In the past six months or so, two law firm mergers of significance came about in the KC market, with markedly different incentives behind each.
The one that captured the most headlines was the Jan. 1 official merger of Stinson Morrison Hecker with Min-neapolis-based Leonard Street Deinard, two of the biggest full-service law firms in the Midwest. When the deal to create Stinson Leonard Street was announced last fall, Stinson was already the fourth-largest firm in Kansas City, based on its staff of roughly 170 lawyers here.
At about the same time, at the other end of the firm-size spectrum, two Leawood based plaintiff’s firms merged to produce Bartimus, Frickleton, Robertson & Goza, topping out with a staff of 15 lawyers.
“If someone had told me in 2001 that I would be at a firm with 15 lawyers in three offices, I would have thought they were on some kind of medication,” says Jim Bartimus, the man with his name on the letterhead.
“I never envisioned this—never.”
Not only was the merger of Bartimus, Frickleton, Robertson and Gorny with Goza & Hunnold a good structural fit, he cracked, “we didn’t even have to change the (monogramed) towels.” Now THAT’s a strategic merger.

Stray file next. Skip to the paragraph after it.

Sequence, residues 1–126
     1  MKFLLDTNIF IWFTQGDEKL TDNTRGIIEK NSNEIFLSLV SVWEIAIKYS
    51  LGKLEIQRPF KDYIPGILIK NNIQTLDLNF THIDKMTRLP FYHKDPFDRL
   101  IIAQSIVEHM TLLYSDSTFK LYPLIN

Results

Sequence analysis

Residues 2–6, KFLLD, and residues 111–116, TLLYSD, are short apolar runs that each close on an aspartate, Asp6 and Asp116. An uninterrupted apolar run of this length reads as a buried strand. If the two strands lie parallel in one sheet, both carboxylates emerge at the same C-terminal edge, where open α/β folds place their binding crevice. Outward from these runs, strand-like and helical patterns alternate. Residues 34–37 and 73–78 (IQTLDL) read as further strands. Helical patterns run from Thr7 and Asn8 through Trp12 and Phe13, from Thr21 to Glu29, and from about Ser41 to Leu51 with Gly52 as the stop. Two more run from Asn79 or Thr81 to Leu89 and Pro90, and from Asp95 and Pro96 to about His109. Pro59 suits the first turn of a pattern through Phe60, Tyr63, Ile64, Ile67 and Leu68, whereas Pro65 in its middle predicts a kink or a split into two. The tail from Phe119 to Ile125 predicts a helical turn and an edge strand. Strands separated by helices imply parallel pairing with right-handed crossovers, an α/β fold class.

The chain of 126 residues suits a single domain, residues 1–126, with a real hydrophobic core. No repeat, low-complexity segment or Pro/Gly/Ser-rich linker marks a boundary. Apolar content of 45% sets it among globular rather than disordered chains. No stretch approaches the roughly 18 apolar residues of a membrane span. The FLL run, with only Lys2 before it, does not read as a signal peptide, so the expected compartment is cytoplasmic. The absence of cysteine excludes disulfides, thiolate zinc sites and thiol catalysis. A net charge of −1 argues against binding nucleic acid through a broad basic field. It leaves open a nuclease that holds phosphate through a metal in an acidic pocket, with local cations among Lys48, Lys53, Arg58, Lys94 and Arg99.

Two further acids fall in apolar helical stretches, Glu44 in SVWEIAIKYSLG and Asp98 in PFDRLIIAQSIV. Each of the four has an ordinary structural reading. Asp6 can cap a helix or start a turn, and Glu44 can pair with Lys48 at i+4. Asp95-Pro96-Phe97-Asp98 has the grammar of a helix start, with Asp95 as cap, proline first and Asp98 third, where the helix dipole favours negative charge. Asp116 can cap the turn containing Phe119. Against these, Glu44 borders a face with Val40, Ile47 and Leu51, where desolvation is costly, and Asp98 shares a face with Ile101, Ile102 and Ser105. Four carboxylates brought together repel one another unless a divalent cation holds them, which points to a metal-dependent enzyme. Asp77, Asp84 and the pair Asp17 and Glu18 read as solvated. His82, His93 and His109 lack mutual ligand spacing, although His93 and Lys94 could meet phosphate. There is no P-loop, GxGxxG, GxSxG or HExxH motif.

What’s happened in each of those two cases reflects a trend sweeping across Legal America: Firms are seeking out—and forming unions with—compatible firms that either enhance and expand one’s reach in certain practice areas as boutique firms, or add new service lines within firms that already boast the ability to handle a full range of services.
Two imperatives, legal executives say, determine the success of moves like those, and it’s hard to determine which is more significant. Client service is the overall driver—if an alliance doesn’t enhance a firm’s ability to deliver faster, better, most cost-efficient legal services, it might not make sense. But equally important is forming a union with a company that shares cultural values—a conflict at that level can prove disastrous operationally.
“You can’t overstate the importance of that,” said Mark Bluhm, managing partner at Lathrop & Gage. Nearly two decades have passed since Lathrop & Norquist merged with Gage & Tucker to form Lathrop & Gage in 1996, but a key piece in creating what is now the third-largest firm in the Kansas City area was the cultural fit, he said.
“When we merged, the two firms were about the same size,” Bluhm said. “Developing a culture with the merger and the people involved is quite a challenge, but this truly was a situation where one plus one equaled four, or six, or eight.”
The firm, like other large Kansas City firms that have formed alliances in other cities, relied on uniquely Midwestern qualities to create a functional culture, he said.